Social Research Glossary

 

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Citation reference: Harvey, L., 2012-17, Social Research Glossary, Quality Research International, http://www.qualityresearchinternational.com/socialresearch/

This is a dynamic glossary and the author would welcome any e-mail suggestions for additions or amendments. Page updated 11 June, 2017 , © Lee Harvey 2012–2017.

 

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Content analysis


core definition

Content analysis is a research technique for the objective systematic and quantitative description of the manifest content of communication.


explanatory context

Content analysis was developed in the 1940s in the United States and popularised in the 1950s and 1960s.

 

According to its proponents, content analysis answers questions as diverse as: the dominant images in an writer's output; how an author's personality is reflected in the text; how nationalistic values are reflected in written texts, both fiction and non-fiction; how the content of propaganda slogans change; how minority groups are treated in popular literature; how suspected subversive literature can be tested for its propaganda content; what popular imagery is reflected in cinema; and what intelligence data can be secured from an analysis of enemy propaganda.

 

In general content analysis is a term reserved for social scientific generalisations and is primarily concerned with the effects of communications.

 

Content analysis is concerned with the syntactic and semantic dimensions of language. It is concerned with manifest content rather than latent intentions as the latter cannot be measured objectively or systematically. In the main content analysis has been concerned with news and popular media. Content analysis thus primarily directs attention to the text of a newspaper, words in a radio broadcast, movie film images, television programme dialogue, and treats these as objective self-explanatory facts.

 

Content analysis, at least in its initial form, is grounded in American behaviourism and adopts a 'stimulus-response' approach. Content analysis, which also includes audience surveys to measure the effect of media messages, attempts to trace the relationship between mass communication and mass society.

 

Content analysis is used in the study of the communication process in order to reveal cultural patterns, predict events, identify the communicator's intentions, apply communication standards and describe the response to communication.

 

While qualitative approaches to content analysis are possible, the general view is that these are unsystematic and too heavily reliant upon credibility of the researcher in having (a) produced a 'fair' and unprejudicial assessment, and (b) scrutinised an adequate cross-section of the media. The 'universal' preference is for quantitative approaches that look objectively at a representative sample.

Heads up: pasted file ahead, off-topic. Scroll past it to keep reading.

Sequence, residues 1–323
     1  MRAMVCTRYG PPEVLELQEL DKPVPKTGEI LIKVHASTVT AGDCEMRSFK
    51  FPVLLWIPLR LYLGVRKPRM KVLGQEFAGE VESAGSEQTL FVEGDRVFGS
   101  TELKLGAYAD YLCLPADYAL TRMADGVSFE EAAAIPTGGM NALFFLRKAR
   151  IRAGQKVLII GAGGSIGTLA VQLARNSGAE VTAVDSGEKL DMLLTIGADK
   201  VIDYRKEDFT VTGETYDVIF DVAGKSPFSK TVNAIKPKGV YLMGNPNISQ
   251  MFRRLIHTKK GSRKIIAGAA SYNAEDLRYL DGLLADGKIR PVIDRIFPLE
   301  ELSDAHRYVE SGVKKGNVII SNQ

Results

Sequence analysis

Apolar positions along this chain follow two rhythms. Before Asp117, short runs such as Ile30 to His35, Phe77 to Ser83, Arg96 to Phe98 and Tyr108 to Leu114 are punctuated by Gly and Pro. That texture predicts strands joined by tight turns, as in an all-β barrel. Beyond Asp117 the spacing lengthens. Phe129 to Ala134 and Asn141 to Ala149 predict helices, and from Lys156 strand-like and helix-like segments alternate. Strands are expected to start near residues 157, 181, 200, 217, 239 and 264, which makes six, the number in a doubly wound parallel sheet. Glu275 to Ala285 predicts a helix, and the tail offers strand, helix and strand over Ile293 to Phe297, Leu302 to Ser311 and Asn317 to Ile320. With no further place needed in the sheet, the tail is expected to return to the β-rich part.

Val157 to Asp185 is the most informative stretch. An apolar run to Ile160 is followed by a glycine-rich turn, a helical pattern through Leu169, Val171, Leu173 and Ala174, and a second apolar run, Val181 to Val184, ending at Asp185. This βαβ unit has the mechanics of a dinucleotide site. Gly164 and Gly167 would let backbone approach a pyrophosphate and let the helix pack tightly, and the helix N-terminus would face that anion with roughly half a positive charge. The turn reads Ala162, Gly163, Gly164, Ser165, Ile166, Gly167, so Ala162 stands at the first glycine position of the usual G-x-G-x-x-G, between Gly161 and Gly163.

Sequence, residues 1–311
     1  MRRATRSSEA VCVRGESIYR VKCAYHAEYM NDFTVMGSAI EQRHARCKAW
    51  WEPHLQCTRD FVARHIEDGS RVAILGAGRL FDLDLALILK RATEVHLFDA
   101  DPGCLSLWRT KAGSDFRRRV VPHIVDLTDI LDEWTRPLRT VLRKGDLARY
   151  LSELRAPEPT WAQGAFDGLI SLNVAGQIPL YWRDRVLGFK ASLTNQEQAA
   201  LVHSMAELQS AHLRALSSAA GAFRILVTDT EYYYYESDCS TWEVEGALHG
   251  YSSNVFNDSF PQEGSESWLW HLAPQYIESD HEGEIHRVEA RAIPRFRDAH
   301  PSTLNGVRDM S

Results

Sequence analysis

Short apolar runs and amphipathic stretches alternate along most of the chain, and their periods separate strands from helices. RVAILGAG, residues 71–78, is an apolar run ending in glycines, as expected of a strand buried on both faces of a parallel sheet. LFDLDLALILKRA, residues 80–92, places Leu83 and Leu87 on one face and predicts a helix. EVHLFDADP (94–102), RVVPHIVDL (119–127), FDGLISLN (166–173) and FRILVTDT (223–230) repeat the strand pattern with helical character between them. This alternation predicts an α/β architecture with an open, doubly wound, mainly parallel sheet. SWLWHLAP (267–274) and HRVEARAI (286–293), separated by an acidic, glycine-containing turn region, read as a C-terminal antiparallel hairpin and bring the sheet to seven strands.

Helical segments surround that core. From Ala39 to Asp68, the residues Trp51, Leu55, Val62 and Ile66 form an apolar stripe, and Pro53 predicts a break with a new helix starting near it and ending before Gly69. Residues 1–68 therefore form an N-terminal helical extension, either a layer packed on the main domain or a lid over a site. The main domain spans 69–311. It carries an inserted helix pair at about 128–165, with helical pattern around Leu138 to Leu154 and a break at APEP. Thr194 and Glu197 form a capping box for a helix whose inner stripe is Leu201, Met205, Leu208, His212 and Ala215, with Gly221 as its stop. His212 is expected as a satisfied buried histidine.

An example of quantitative content analysis is the analysis of the crisis that lead to the United States entering the First World War. The frequency with which news and editorial comment referred to the War, and America's relation to it, was tabulated and the fluctuations graphed, thus showing how the build up of the crisis was reflected in the media.

 

Content analysts do not imagine that the media has an independent effect on behaviour. The media is usually seen as part of a complex environment that affects people's responses and attitudes. This environment consists of an attention frame (which is that part of the environment that is the focus of attention of the group—this consists of a media and a non-media component) and surroundings (which do not reach the focus of attention).

 

A recurring preoccupation of content analysis has been the concern with how mass media has debased cultural standards through trivialisation. This is pinpointed in the issue of the media and violence.

 

Content analysis, unlike semiological approaches, is unconcerned with the ideological content of the media. Although aware of the ideological element of media messages, content analysts regard this as latent intention and have consistently argued that objectives measures of the ideological content cannot be found.

 


analytical review

Colorado State University (1993–2013) provides a useful guide to content analysis. The introduction and comment on types of content analysis is presented below but there is much more:

Content analysis is a research tool used to determine the presence of certain words or concepts within texts or sets of texts. Researchers quantify and analyze the presence, meanings and relationships of such words and concepts, then make inferences about the messages within the texts, the writer(s), the audience, and even the culture and time of which these are a part. Texts can be defined broadly as books, book chapters, essays, interviews, discussions, newspaper headlines and articles, historical documents, speeches, conversations, advertising, theater, informal conversation, or really any occurrence of communicative language. Texts in a single study may also represent a variety of different types of occurrences, such as Palmquist's 1990 study of two composition classes, in which he analyzed student and teacher interviews, writing journals, classroom discussions and lectures, and out-of-class interaction sheets. To conduct a content analysis on any such text, the text is coded, or broken down, into manageable categories on a variety of levels--word, word sense, phrase, sentence, or theme--and then examined using one of content analysis' basic methods: conceptual analysis or relational analysis....